Thanks to Shanahan for his generous leadership style. I have no doubt that the way an organization treats both current and past players quickly becomes the stuff of legend among the NHL and can’t help – in my opinion – generate and sustain the success that any professional organization will have. Specifically, I believe Shanahan’s actions attract players and perhaps are a reason so many NHL veterans choose to sign league-minimum contacts with the team.
Item Three: Joe Thornton Is Playing for Free in Switzerland
During the 2004-05 season, when the NHL was on a lockdown, Raeto Raffainer played for the Zurich Lions. During the finals of the Swiss national title, he faced a NHL giant who had moved to the small Swiss city of Davos so he could play hockey. That player was Joe Thornton.
During that title game, Raffainer’s Zurich team lost to Thornton’s Davos team. When Raffainer recalls that game, now 20 years ago, he still considers himself “lucky” to have played in a championship series against Thornton. Today, Rarrainer is the general manager of the Swiss team in Davos and Thornton is one of his players.
For Maple Leafs fans who don’t know the story, Thornton met his future wife Tabea Pfendsack during that trip and now lives in Davos during the NHL’s offseason. Thornton has become so much a part of the community that Raffainer gave him the keys to the arena so he could come and go, skate and work out, whenever he wants to.
To prepare for his attempt to win the NHL’s Stanley Cup, something he’s never attained, Thornton and Raffainer have teamed up to find the aging NHL veteran a place on the team. In the Sportsnet interview with Raffainer published earlier today, the Davos general manager spoke about signing Thornton to a contract this season.
Sportsnet asked if the formal 2020-21 contract between HC Davos and Thornton came together quickly. Raffainer noted:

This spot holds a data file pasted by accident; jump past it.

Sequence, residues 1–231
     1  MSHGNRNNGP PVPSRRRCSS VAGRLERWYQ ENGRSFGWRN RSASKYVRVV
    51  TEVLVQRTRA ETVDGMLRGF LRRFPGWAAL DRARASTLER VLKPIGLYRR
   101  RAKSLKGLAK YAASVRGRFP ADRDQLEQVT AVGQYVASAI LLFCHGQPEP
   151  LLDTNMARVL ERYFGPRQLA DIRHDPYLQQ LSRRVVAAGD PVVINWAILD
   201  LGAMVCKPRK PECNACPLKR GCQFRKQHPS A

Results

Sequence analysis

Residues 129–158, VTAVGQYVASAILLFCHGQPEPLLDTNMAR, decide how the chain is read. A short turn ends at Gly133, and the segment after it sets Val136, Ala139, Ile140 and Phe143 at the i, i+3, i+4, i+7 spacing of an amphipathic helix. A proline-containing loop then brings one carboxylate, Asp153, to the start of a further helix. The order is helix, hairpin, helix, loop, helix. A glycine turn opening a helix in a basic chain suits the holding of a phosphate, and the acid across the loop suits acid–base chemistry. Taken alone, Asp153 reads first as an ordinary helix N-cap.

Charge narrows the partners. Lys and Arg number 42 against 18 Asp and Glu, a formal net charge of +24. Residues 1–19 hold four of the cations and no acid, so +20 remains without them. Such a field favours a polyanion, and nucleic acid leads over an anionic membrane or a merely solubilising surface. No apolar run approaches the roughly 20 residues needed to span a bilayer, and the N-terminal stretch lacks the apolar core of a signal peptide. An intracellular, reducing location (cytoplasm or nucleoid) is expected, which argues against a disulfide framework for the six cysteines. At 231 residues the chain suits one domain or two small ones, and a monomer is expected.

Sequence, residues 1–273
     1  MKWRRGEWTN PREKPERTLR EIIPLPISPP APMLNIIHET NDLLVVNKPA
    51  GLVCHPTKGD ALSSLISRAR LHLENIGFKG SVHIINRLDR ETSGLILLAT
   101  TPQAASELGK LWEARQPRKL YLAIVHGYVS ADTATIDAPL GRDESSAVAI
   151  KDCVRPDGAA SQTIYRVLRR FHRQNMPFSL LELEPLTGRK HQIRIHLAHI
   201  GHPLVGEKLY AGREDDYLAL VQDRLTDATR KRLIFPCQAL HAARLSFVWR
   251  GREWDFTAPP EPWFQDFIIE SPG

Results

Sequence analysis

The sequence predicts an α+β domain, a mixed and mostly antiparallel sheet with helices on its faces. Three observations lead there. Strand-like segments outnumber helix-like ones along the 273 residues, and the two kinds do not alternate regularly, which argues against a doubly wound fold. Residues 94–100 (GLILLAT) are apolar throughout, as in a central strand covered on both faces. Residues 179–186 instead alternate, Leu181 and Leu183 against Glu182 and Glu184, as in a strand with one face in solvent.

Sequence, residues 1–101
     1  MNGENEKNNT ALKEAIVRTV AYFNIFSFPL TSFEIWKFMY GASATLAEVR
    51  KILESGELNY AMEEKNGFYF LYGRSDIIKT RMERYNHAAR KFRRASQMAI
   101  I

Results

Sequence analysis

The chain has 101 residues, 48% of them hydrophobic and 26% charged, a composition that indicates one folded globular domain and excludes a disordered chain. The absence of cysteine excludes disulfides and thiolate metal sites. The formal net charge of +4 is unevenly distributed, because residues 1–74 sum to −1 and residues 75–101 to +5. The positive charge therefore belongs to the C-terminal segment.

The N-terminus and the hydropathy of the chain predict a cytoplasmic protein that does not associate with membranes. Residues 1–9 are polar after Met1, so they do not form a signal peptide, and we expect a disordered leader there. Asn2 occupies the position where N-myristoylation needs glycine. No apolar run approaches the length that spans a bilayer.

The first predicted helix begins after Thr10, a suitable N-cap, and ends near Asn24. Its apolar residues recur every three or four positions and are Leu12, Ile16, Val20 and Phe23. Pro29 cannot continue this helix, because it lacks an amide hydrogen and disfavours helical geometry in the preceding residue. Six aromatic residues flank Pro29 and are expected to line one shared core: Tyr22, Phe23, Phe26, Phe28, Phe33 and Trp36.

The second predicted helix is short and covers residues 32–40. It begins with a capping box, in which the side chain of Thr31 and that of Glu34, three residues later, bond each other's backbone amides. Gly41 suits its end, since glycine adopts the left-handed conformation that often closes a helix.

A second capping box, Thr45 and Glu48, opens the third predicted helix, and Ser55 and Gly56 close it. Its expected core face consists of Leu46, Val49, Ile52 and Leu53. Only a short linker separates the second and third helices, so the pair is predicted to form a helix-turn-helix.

“Contract negotiations took five minutes.”
He leveled with Thornton by saying, “Our league, we are really struggling financially at the moment — because we have no people in the stands anymore. And we cannot pay you this year.”
Thornton responded, “Well, you can just pay me next year, or in two years, or in three years. It doesn’t really matter. I just want to get ready.”
So, as Raffainer reports, Thornton “is playing for free this year, and we’ll give him something when he comes back next year.”
What’s Next for the Maple Leafs?
The COVID-19 pandemic is playing havoc with hockey. Although the NHL looks to play, it isn’t such good news for the different minor league affiliates. Yesterday, it was reported that the ECHL will not have a full group of teams. Specifically, the Maple Leafs affiliate the Newfoundland Growlers will not be playing.
Oh, for a return to normal. I’m not sure how others feel, but I have come to really appreciate so many of the “regular” things I used to do but cannot anymore. As I noted in my post yesterday, I long for a “regular” regular season of NHL hockey.
The Old Prof (Jim Parsons, Sr.) taught for more than 40 years in the Faculty of Education at the University of Alberta. He’s a Canadian boy, who has two degrees from the University of Kentucky and a doctorate from the University of Texas. He is now retired on Vancouver Island, where he lives with his family. His hobbies include playing with his hockey cards and simply being a sports fan – hockey, the Toronto Raptors, and CFL football (thinks Ricky Ray personifies how a professional athlete should act).
If you wonder why he doesn’t use his real name, it’s because his son – who’s also Jim Parsons – wrote for The Hockey Writers first and asked Jim Sr. to use another name so readers wouldn’t confuse their work.
Because Jim Sr. had worked in China, he adopted the Mandarin word for teacher (老師). The first character lǎo (老) means “old,” and the second character shī (師) means “teacher.” The literal translation of lǎoshī is “old teacher.” That became his pen name. Today, other than writing for The Hockey Writers, he teaches graduate students research design at several Canadian universities.
He looks forward to sharing his insights about the Toronto Maple Leafs and about how sports engages life more fully. His Twitter address is https://twitter.com/TheOldProf